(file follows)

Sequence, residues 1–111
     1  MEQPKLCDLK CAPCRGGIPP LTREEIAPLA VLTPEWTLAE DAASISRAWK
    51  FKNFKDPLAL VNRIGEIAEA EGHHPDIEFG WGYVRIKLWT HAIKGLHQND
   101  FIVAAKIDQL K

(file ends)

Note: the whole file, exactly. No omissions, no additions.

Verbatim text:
Sequence, residues 1–111
     1  MEQPKLCDLK CAPCRGGIPP LTREEIAPLA VLTPEWTLAE DAASISRAWK
    51  FKNFKDPLAL VNRIGEIAEA EGHHPDIEFG WGYVRIKLWT HAIKGLHQND
   101  FIVAAKIDQL K